The Ketamine Papers serves as an essential window into the rapidly accelerating application of the anesthetic cum party drug ketamine to individuals with disorders such as treatment-resistant depression and post-traumatic stress disorder (PTSD). In addition, the book’s release coincides with other psychedelics, MDMA (aka ‘Ecstasy’) and psilocybin, being cleared for late-phase clinical trials as therapeutic adjuncts for the treatment and – dare we say – cure of those and related disorders, a process that will still take some years. Given what seems to be an increasing explosion of interest in the use of psychedelics for everything from therapy to micro-dosing of LSD to fuel creativity, The Ketamine Papers offers a range of views into how the psychiatric and psychotherapeutic communities are putting to use what amounts, for now, as the only legal psychedelic drug left standing, and for a group of people who very much struggle and suffer, at a significant cost to themselves, their relationships, and society.
The recurrent leitmotif of The Ketamine Papers is that of stubbornly lingering psychological illness – with feelings and behaviors ranging from sadness and stuckness to suicidality – that doesn’t just happen. It is often the function of trauma, childhood and otherwise, and lack of attachment not offset by a resilience that some develop and many do not. Those statements won’t be surprising to anyone who has read the works of psychiatrists and psychologists who have rooted depression – by far the most common form of mental illness – in unresolved childhood conflicts.
WASHINGTON — While the news swells this week with sad and angry retrospectives on the war in Iraq, it is worth noting that the tremendous human costs of that war would have been much greater, were it not for breakthroughs in combat medicine deployed for the first time on a broad scale in Iraq.
4,486 American men and women were killed in the Iraq war. This represents approximately 14 percent of the 32,221 wounded in action — versus the 19 percent killed in Vietnam, or 27 percent killed in World War II. These statistics are cold comfort for those whose lives were derailed and families tormented in the process, and they are a clarion call to re-double all our efforts to help those who survived.
This is the saddest moment in my 45 year career of studying, practicing, and teaching psychiatry.
The Board of Trustees of the American Psychiatric Association has given its final approval to a deeply flawed DSM 5 containing many changes that seem clearly unsafe and scientifically unsound. My best advice to clinicians, to the press, and to the general public – be skeptical and don’t follow DSM 5 blindly down a road likely to lead to massive over-diagnosis and harmful over-medication.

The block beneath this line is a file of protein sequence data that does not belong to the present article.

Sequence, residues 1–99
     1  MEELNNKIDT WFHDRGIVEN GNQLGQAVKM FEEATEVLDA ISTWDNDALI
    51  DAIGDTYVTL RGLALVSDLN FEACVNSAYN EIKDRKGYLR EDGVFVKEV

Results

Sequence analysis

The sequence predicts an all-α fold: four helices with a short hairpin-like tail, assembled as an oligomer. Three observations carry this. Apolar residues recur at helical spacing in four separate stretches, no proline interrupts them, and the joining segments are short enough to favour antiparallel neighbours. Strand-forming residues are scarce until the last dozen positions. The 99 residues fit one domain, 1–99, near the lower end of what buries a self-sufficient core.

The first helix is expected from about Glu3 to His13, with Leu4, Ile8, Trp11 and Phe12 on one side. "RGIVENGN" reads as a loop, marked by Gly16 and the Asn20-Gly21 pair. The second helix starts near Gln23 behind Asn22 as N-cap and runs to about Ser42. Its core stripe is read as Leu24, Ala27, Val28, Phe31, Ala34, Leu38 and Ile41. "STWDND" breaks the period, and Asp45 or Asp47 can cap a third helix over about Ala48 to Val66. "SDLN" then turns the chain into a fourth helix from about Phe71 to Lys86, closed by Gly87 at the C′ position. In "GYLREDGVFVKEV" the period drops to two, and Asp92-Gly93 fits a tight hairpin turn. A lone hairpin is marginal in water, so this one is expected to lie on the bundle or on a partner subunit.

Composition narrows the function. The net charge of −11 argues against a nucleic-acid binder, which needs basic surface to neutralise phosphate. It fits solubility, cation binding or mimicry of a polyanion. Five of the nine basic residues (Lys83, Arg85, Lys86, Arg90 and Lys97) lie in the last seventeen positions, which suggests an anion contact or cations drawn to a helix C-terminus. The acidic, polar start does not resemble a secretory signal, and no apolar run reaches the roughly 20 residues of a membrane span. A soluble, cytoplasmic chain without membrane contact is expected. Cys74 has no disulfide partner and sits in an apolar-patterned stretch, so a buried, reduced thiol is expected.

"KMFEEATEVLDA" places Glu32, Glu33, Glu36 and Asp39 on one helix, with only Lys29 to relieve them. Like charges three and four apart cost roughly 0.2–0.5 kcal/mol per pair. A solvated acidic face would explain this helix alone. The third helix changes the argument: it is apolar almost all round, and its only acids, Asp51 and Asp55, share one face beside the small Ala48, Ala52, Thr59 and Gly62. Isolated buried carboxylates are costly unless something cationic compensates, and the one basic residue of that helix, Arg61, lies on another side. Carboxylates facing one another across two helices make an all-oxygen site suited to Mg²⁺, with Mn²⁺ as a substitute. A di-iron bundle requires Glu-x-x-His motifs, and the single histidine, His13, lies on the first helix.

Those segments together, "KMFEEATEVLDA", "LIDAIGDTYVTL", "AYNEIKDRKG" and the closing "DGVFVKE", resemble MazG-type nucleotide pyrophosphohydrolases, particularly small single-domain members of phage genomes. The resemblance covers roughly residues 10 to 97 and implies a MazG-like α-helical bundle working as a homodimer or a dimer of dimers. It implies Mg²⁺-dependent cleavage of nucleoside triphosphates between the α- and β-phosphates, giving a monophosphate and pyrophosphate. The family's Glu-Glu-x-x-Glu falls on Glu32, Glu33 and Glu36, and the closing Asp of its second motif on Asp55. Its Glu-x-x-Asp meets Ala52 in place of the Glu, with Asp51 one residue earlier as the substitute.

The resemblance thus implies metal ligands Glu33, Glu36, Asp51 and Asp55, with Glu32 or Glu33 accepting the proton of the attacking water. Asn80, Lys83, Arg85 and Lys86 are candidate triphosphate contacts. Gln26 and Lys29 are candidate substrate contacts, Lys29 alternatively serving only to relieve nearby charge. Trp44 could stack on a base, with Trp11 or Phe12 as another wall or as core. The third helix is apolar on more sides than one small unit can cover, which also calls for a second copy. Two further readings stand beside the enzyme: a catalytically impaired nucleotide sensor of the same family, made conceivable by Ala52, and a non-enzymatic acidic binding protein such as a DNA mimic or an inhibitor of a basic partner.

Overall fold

Just ignore the ten changes that make no sense.
Brief background. DSM 5 got off to a bad start and was never able to establish sure footing. Its leaders initially articulated a premature and unrealizable goal- to produce a paradigm shift in psychiatry. Excessive ambition combined with disorganized execution led inevitably to many ill conceived and risky proposals.
These were vigorously opposed. More than fifty mental health professional associations petitioned for an outside review of DSM 5 to provide an independent judgment of its supporting evidence and to evaluate the balance between its risks and benefits. Professional journals, the press, and the public also weighed in- expressing widespread astonishment about decisions that sometimes seemed not only to lack scientific support but also to defy common sense.
DSM 5 has neither been able to self correct nor willing to heed the advice of outsiders. It has instead created a mostly closed shop- circling the wagons and deaf to the repeated and widespread warnings that it would lead to massive misdiagnosis. Fortunately, some of its most egregiously risky and unsupportable proposals were eventually dropped under great external pressure (most notably ‘psychosis risk’, mixed anxiety/depression, internet and sex addiction, rape as a mental disorder, ‘hebephilia’, cumbersome personality ratings, and sharply lowered thresholds for many existing disorders). But APA stubbornly refused to sponsor any independent review and has given final approval to the ten reckless and untested ideas that are summarized below.